Leaving the garrison commander's office following a briefing about his capstone project, CDT Zachary Aloma '20 had two choices of how to walk back to central area. He could have walked along the street by Eisenhower Hall and gone through the Beat Navy tunnel before crossing the road near the commandant's house. The other option was to take the historic trail with its "Use at your own risk" sign.
On October 19 Aloma decided to go off the beaten path and take a trail he had never walked in his more than three years at West Point. Looking back at that day, he says it was fate and God that had him take the historic trail that day because as he emerged from the path near the Beat Navy House, he was needed to help save the life of a visitor who had suffered a heart attack.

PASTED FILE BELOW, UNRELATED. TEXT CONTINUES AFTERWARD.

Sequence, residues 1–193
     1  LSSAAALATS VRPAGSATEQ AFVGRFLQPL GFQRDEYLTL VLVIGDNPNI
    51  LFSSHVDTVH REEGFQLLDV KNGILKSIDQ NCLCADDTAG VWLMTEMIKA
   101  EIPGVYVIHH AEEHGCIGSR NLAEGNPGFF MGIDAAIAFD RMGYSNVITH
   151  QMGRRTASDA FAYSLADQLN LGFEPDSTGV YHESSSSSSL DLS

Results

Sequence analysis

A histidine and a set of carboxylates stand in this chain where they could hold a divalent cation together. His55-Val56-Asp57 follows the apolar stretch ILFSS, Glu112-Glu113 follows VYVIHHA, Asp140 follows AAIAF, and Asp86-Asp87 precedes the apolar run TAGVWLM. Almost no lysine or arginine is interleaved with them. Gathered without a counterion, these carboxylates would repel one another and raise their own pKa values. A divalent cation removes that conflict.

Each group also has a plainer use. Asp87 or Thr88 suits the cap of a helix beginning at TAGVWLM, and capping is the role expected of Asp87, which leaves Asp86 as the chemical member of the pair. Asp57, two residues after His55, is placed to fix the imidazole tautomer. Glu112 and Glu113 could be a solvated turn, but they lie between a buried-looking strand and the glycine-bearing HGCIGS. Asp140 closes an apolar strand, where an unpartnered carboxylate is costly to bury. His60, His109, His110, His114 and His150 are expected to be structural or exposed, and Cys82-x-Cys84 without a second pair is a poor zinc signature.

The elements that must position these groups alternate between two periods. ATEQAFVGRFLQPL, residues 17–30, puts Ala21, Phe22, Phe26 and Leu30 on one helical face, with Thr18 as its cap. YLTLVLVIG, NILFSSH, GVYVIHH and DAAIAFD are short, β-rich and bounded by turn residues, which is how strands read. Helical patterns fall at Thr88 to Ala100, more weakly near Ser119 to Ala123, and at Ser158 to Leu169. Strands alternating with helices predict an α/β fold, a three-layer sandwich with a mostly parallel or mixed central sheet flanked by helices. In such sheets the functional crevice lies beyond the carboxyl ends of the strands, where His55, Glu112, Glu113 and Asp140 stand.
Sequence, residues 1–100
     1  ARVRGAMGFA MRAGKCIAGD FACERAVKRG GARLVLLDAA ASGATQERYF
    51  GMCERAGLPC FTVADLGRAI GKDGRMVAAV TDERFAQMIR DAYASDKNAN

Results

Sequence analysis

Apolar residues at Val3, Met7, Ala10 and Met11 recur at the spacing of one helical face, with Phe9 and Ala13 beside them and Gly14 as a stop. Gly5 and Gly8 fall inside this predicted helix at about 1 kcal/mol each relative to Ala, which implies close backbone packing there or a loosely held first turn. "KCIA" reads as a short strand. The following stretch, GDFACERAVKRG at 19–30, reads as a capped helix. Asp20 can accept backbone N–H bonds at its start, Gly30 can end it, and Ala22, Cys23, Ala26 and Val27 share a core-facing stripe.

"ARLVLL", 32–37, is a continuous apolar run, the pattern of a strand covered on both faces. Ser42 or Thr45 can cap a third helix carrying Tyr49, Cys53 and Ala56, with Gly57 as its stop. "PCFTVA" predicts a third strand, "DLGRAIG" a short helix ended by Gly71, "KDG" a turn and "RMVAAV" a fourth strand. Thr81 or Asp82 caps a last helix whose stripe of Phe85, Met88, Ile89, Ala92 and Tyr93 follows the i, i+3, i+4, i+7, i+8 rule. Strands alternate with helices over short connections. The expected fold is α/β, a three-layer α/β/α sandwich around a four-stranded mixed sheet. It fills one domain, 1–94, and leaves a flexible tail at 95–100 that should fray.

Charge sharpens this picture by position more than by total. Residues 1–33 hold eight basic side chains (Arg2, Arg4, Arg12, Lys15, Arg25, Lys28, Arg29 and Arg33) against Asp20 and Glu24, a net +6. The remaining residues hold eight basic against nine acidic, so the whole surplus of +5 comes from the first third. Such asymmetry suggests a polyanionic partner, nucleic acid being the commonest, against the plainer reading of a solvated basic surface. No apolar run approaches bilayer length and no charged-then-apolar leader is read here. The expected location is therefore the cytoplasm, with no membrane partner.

"That's a trail I normally would never take, but that day I felt like I wanted to take it," Aloma said.
After a day of classes CDT Hudson Durfield '23 was excited to see his family for the first time since Acceptance Day in August. They had arrived in town the night before for Family Weekend and were planning to meet him at Trophy Point after his classes were done for the day. Instead of just meeting them at Trophy Point, Durfield decided to walk and meet them halfway bringing him, much like Aloma, to a spot on post he almost never traveled to.
Aloma and Durfield both arrived near the Beat Navy House a little after 4 p.m. that afternoon soon after a man who was leaving the Catholic Chapel collapsed onto the ground.
"It felt like providence (to be) in the right place at the right time," Durfield said.
Walking toward the meeting point with his family, Durfield saw his mom and one of his brothers coming his way. Something felt off, though. His dad and two other brothers had crossed the street and were looking at something on the ground instead of walking to meet him. Full story.